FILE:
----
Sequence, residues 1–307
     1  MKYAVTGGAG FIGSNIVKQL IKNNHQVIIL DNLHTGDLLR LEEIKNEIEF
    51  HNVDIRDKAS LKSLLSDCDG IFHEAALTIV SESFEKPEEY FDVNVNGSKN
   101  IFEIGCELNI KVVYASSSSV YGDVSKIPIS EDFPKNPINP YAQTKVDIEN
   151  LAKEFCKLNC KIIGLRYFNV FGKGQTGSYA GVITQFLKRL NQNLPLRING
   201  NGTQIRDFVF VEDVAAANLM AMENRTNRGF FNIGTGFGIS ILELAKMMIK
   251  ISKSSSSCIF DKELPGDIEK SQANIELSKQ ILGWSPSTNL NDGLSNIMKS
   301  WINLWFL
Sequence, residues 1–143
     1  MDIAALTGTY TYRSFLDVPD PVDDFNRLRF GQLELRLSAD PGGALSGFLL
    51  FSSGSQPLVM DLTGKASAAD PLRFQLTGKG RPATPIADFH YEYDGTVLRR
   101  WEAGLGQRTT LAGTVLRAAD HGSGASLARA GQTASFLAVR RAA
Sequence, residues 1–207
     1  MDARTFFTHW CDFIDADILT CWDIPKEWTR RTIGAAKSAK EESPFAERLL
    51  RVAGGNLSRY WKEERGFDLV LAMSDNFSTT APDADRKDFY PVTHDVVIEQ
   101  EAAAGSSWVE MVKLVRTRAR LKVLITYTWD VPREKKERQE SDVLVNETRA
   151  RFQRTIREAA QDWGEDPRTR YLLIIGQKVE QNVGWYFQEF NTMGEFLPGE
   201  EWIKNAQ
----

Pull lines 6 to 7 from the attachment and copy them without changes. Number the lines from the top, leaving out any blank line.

   201  NGTQIRDFVF VEDVAAANLM AMENRTNRGF FNIGTGFGIS ILELAKMMIK
   251  ISKSSSSCIF DKELPGDIEK SQANIELSKQ ILGWSPSTNL NDGLSNIMKS